3MW (Why you should use RStudio projects)

Guten Tag!

Many greetings from Munich, Germany. I recently came to realize that way too many people who use R & RStudio do not use RStudio projects. 🤯 That is super unfortunate because it’s a low-effort, high-gain productivity boost to use this RStudio feature. So in this week’s newsletter let me tell you about the advantages of RStudio projects and show you how to set them up (which is super easy.)

Advantage 1: No need to think about paths

If there’s one thing I find highly annoying, then it’s path switching and setting working directories. And the good news is that you don’t really have to use setwd() and then include some long-winded path. All you have to do is to set up an RStudio project and wherever that project lives, that’s the working directory.

Advantage 2: Easy navigation between projects

RStudio projects make it super easy to navigate between other projects. You could easily have two projects open at the same time within two different RStudio sessions. This way, if you repeat something from another project, you can easily switch to that project, see all the files, get that code from over there, and then put this into your new project.

And in case you need to run the old code to remember how to use it, you can do that directly within your RStudio session. Due to the separate project, you don’t need to switch working directories in order for code to just work like it did last time when you ran it.

Advantage 3: RStudio projects remember where you left off

When you open RStudio projects, they show you where you left off. The same files are opened and you can just work as if you’ve just closed down your computer and fired it up again. This also means that you don’t have to close all the files from one project and open all the files from another project when you have to switch between two projects.

Advantage 4: Easy version control with renv

RStudio projects make it super easy to version control your packages using the renv package. That way you can be more confident that when you open up your project in two years, all of the packages that you used are documented with version numbers and therefore your code should still run.

This is especially important if you use R in a company that uses the same scripts over and over again. You really want to avoid that the next person who’s working with your script has to figure out what package versions these scripts need in order to run properly.

In short, combining RStudio projects and renv is a huge productivity boost for everyone. And now that you know all the cool advantages let me tell you how to set up RStudio projects and renv.

How to set up RStudio projects

In RStudio, all you have to do is to click on the Project widget in the top-right corner of RStudio and hit the “New Project” option.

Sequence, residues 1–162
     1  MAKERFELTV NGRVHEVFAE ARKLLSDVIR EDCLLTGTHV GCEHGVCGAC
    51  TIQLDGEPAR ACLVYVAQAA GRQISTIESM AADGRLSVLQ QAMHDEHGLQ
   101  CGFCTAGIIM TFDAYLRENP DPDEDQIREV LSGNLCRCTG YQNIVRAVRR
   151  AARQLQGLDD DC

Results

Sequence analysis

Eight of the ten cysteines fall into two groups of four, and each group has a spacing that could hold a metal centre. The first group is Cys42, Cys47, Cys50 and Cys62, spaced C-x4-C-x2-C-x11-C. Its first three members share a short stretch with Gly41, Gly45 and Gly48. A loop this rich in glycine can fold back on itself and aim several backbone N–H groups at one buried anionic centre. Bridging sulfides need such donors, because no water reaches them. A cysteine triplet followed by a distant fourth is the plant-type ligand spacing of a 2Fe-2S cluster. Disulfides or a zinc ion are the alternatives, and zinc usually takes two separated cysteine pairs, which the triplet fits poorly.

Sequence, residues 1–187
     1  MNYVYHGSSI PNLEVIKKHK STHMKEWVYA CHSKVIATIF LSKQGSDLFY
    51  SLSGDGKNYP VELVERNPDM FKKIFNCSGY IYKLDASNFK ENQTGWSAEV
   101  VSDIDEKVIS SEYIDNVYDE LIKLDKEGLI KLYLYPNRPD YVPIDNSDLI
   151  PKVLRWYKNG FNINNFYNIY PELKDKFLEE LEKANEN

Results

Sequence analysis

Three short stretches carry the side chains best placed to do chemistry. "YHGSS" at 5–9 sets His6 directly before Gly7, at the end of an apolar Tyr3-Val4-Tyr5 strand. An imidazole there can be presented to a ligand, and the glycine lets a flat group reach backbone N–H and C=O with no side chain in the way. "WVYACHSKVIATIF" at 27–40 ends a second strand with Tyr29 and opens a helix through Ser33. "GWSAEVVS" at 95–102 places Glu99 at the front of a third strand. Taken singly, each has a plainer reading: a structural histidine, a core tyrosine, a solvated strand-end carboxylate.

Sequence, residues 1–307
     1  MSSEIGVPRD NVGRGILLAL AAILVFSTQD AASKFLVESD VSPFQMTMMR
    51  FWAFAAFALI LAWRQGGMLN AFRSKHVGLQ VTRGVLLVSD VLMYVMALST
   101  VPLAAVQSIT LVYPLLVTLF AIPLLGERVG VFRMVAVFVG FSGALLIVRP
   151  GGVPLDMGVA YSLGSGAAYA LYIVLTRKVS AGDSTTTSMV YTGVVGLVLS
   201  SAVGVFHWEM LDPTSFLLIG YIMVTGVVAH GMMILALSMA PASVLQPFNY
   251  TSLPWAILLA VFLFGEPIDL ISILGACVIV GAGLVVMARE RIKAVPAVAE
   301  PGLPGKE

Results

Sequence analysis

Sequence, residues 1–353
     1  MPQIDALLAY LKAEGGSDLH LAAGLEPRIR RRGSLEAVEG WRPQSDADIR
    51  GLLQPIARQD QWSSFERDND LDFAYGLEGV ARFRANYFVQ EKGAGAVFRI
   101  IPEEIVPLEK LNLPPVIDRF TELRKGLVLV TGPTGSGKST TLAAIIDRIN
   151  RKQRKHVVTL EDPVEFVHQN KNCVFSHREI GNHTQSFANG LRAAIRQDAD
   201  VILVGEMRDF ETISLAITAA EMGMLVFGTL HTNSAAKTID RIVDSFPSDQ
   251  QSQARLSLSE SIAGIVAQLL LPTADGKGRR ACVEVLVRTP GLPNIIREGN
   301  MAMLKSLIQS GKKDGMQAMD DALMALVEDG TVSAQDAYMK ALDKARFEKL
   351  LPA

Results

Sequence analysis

In there, you can just follow the instructions to set up a new project and put it in the directory that you want to use. If you have no particular purpose in mind, you can just create a regular project. For other use cases, RStudio also offers alternatives that are RStudio projects as well but come with a bit of extra content.

Once you have created the project, you can open it either by clicking on the .Rproj file in your project directory or by clicking on the list within the navigator in RStudio. In particular, if you want to open a project in a separate RStudio session, you can also click on the window icon.

How to set up renv

And if you want to use renv, you can just click on the checkbox that says “Use renv with this project” during the project creation process

The only thing you have to remember is that in an renv project, it is as if you haven’t installed any packages on your computer. You basically start this project with a clean slate. Outside of that project, you still have all the packages that are installed on your computer, but inside there isn’t anything.

So, if you want to use a particular package, you will have to install it. But instead of calling install.packages(), you will have to use renv::install(). Also, you have to remember that you need to document the versions of these packages, and that’s where renv::snapshot() comes in. This will document all the packages that you actually use within your project into a so-called lock file.

This means that if you installed, say, ggplot2, but you don’t actually use this package, then the lock file will not include ggplot2. You see, the lock file is supposed to be a list of the minimal amount of packages that you need to run the code that is inside of your project. That’s why renv will auto-detect what packages you actually use.

So there you have it. That’s how you give yourself a nice productivity boost and make your life easier with version control. As always, I hope you enjoyed this newsletter. And if you have any questions don’t hesitate to reply to this mail or contact me on LinkedIn.

See you next week,
Albert 👋

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